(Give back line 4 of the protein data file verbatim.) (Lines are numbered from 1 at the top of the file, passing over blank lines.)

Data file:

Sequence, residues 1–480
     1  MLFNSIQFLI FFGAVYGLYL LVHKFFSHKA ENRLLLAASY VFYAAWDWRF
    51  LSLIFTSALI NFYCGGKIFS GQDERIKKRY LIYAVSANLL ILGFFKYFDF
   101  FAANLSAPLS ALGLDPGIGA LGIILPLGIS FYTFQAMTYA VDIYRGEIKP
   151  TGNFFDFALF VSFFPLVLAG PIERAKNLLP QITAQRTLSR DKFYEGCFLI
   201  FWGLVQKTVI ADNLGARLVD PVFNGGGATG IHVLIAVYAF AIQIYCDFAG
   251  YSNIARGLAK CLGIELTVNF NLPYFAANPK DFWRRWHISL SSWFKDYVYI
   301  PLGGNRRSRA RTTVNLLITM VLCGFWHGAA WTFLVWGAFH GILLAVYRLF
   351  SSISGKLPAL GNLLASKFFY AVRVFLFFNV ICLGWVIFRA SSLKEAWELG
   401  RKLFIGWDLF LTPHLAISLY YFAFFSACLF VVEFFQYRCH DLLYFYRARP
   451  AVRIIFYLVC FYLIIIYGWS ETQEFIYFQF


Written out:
   101  FAANLSAPLS ALGLDPGIGA LGIILPLGIS FYTFQAMTYA VDIYRGEIKP